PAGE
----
That group rang up a 40-point fourth quarter that blindsided the banged-up Knicks, who appeared to already have put this one in the W column. That’s not really a smart approach at this time of the season.
From Marc Berman of the New York Post: “In the final seconds, after the Knicks had already disgraced themselves in the fourth quarter, J.R. Smith ran downcourt with Leandro Barbosa, bumping him along the way. After Carmelo Anthony scored on a putback, Smith and Barbosa got entangled and Smith threw him to the court, getting ejected with 10.7 seconds left — the final exclamation mark to the Knicks’ fourth-quarter meltdown. The game was over by then as the Knicks were destroyed 40-17 in the fourth quarter in blowing a 17-point late third-quarter lead and suffering a 112-104 loss to the Pacers Tuesday night at Bankers Life Field House. If they miss out on a playoff berth, they can remember this horrible collapse when they had the game won despite missing the injured Amar’e Stoudemire and Jeremy Lin for a fifth straight contest. Interim Mike Woodson called Smith’s display “unprofessional,” and really he could have been talking about the entire team over the final 13 minutes, when the Knicks got outworked by the Pacers. “Forty points in the fourth quarter is too much,’’ Anthony said. “They were able to get stops, rebounds and just outworked us. We kind of got lax going into the fourth quarter and they ran away with it. They wanted it more. “I think we got a little bit complacent being up 17. It was just unfortunate. We can’t have that.” Anthony finished with a season-high 39 points, dazzled for three quarters in his new position at power forward, but couldn’t hit the big shot late, missing two key 3-pointers in the final minute.”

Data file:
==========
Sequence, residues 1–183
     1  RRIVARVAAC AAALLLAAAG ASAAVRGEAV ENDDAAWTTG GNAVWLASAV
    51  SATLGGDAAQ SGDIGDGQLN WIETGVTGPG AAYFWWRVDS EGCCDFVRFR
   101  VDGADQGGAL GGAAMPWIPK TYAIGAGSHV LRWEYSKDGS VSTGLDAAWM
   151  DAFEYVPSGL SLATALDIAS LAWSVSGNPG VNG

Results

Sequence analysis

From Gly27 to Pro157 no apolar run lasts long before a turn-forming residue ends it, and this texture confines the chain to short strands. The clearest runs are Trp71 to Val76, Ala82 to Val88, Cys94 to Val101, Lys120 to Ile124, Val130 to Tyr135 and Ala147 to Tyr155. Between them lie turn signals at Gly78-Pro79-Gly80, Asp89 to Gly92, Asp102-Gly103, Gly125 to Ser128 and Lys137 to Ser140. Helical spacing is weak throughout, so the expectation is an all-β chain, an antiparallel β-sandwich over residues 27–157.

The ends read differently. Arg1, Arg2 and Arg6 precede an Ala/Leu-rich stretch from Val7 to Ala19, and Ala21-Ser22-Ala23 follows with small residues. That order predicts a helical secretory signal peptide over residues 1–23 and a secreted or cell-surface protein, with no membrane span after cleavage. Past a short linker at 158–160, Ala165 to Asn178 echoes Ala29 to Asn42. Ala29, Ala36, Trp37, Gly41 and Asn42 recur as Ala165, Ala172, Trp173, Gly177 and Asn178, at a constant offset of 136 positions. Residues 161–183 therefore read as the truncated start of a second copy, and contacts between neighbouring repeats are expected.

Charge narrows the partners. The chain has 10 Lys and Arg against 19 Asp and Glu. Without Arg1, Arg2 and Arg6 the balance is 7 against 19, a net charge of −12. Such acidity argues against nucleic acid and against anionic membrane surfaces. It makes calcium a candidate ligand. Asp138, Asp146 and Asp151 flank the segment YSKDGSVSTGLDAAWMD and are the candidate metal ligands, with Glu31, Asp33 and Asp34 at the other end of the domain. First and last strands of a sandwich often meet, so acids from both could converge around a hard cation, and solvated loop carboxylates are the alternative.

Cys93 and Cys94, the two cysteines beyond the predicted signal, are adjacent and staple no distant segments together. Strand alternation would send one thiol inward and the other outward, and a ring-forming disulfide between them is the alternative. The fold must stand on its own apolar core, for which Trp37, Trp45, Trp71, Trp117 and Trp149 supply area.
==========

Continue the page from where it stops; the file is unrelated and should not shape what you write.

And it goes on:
It might be best for the Knicks not to look ahead. After visiting Orlando on Thursday, they have a home-and-home with Chicago before a visit to Milwaukee a week from today that likely will decide the eighth seed in the East.
Elsewhere on lookahead Tuesday …
- The Spurs, who almost never look ahead, will arrive in Boston a rested group after an ideal 125-90 win at Cleveland, which has lost eight straight ballgames. Former Cav Danny Green scored 19 points in a team-high 26 minutes; no other starter played more than 23. Patty Mills scored 20 points in 20 minutes off the bench.